Young Princess Irene is sent to the country to be raised in a half-farmhouse, half-castle located in the side of a mountain. While exploring the top of the castle, Irene becomes lost and inexplicably finds her way to a mystifying and beautiful woman spinning a thread. Princess Irene is drawn to the woman whom she discovers is her great-great-grandmother. But after she returns, her nurse, Lootie, refuses to believe in the old woman's existence, and the young Princess cannot find the way back to her great-great-grandmother.
Days later, while on an outing with Lootie, Princess Irene believes that she detects a Goblin. They meet a young miner, Curdie, who confirms her sighting. Soon Curdie discovers Goblins lurking under the castle that have constructed an evil plot against the king and his palace. Princess Irene's belief in her great-great-grandmother's powers becomes essential as she and Curdie work to foil the sinister Goblin plan. As the Princess tells Curdie, "sometimes you must believe without seeing".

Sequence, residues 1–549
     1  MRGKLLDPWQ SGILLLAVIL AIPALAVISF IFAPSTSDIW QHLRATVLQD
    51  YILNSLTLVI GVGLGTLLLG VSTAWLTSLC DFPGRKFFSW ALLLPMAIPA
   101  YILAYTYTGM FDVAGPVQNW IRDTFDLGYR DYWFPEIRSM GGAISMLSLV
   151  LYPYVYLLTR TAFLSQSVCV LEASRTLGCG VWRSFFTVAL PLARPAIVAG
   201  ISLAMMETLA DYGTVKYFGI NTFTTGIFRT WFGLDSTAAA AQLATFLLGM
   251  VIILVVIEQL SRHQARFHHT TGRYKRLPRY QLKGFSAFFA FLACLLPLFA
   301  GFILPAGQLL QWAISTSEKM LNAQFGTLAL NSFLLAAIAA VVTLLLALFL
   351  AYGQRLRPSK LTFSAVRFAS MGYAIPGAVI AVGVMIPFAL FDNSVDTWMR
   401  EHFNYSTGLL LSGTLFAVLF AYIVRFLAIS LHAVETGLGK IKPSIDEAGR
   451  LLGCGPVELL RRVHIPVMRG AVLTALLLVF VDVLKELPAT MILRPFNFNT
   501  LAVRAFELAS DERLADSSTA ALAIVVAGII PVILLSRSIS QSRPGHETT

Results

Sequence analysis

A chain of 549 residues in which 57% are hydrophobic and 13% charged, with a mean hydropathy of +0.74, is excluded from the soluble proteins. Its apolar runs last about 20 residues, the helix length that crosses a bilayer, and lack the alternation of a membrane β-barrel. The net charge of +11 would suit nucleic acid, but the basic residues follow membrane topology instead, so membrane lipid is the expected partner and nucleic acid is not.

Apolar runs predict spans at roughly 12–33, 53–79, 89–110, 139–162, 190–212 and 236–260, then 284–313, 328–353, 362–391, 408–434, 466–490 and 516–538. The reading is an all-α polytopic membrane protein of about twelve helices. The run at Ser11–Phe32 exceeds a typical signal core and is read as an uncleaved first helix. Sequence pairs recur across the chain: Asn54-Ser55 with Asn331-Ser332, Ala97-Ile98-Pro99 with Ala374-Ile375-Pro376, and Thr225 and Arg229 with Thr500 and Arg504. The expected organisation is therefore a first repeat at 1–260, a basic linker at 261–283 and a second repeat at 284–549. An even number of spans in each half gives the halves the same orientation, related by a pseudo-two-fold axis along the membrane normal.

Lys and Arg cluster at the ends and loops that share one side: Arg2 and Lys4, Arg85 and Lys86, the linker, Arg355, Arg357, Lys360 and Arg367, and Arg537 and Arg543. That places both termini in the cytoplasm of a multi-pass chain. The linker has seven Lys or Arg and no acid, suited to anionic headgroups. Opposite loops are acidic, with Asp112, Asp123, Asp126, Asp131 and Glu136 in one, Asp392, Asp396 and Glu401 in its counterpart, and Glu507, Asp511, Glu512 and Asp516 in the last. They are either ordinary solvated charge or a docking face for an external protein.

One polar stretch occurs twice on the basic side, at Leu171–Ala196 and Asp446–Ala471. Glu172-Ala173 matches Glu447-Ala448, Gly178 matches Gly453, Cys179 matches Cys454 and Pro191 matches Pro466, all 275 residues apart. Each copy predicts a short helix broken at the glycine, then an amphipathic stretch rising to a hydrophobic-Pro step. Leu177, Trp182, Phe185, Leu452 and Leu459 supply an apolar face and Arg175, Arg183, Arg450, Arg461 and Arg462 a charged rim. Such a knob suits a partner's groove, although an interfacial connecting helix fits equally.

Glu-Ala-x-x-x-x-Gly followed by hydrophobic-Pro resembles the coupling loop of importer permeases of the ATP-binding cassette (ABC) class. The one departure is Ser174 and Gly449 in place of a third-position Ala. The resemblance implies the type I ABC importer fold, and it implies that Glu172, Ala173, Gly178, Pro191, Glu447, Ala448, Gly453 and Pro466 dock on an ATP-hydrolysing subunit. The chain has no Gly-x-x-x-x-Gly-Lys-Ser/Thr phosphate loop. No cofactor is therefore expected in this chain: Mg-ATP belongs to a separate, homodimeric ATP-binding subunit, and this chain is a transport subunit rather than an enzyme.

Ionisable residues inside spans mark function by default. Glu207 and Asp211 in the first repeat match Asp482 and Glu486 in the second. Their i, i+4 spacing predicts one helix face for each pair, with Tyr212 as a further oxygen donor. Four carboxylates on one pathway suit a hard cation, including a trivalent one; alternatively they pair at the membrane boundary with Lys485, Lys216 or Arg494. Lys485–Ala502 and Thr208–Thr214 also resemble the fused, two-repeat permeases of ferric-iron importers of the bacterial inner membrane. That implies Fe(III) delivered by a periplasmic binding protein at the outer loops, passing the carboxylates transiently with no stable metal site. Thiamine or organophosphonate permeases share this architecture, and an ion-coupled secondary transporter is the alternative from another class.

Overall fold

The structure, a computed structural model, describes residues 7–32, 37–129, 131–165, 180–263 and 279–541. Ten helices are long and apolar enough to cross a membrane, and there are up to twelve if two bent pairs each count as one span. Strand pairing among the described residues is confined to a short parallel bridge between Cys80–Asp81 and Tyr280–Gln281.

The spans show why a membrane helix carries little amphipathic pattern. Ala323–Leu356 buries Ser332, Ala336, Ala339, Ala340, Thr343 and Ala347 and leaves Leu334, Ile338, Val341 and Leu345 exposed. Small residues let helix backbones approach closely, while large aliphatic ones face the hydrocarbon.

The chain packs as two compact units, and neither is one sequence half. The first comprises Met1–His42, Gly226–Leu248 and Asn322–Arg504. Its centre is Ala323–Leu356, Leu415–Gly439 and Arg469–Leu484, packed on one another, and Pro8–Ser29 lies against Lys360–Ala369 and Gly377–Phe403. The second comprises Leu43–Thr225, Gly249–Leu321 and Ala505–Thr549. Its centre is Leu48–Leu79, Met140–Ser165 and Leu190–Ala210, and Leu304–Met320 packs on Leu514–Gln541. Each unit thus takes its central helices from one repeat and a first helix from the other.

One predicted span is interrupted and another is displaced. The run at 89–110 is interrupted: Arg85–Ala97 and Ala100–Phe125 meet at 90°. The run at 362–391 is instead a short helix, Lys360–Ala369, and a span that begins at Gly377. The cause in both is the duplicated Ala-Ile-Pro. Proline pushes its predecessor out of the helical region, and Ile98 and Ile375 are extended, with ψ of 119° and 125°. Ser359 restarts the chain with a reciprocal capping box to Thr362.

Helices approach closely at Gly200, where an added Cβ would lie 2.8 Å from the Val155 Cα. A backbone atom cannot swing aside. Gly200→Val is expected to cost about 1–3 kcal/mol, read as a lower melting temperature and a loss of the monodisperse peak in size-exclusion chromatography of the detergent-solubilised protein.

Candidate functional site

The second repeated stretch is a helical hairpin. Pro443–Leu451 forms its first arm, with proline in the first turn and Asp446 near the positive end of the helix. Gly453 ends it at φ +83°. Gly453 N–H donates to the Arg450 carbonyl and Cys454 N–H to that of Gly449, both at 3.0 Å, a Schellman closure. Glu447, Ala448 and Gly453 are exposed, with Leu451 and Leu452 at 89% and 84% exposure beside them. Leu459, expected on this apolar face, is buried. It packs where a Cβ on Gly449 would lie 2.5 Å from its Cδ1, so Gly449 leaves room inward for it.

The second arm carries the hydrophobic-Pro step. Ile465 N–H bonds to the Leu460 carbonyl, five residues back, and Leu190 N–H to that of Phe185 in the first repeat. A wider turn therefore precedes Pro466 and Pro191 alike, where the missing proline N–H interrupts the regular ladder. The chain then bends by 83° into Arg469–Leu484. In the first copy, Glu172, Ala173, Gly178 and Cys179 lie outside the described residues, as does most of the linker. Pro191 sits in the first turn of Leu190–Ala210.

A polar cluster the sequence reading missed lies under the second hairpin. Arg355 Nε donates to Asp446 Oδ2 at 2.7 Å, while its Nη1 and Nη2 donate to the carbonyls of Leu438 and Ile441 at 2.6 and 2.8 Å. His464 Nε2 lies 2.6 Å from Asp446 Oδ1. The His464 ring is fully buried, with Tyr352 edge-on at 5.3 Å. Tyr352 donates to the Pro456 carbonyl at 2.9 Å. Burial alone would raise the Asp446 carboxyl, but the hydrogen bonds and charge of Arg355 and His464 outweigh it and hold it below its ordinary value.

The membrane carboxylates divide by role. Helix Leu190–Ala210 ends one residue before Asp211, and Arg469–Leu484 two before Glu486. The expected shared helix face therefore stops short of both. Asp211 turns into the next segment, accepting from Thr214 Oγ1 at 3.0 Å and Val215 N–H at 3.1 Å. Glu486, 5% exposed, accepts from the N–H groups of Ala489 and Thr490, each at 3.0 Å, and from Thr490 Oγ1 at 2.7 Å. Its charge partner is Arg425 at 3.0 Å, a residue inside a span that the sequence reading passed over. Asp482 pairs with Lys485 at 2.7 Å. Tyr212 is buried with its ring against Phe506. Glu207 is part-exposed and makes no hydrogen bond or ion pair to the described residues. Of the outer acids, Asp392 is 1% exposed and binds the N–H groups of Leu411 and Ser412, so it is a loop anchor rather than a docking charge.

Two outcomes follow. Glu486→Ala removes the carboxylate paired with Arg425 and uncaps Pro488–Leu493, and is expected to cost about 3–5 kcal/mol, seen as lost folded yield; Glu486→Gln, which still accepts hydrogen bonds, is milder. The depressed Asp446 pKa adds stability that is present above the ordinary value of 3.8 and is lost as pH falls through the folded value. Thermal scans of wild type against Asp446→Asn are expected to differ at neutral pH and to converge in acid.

Renowned musician, author, and actor Ian Whitcomb lends his lush, lilting baritone to George MacDonald’s surreal story of bravery and honor, delivering a performance sure to excite the imaginations of young listeners. Whitcomb’s soothing, melodious strains recall the almost hypnotic comfort of childhood bedtime stories. At the same time, this jack-of-all-trades performer capably captures the fantastic playfulness that drives The Princess and the Goblin, his jaunty English accent brimming with dapper affection. MacDonald’s classic relates the plight of a young princess on a mission to save her kingdom from subterranean goblin invaders. MacDonald builds layers of fantasy and surrealism throughout his tale, employing magic and symbolism with skill rivaled perhaps only by the great Lewis Carroll.
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A Fantastic Story for Kids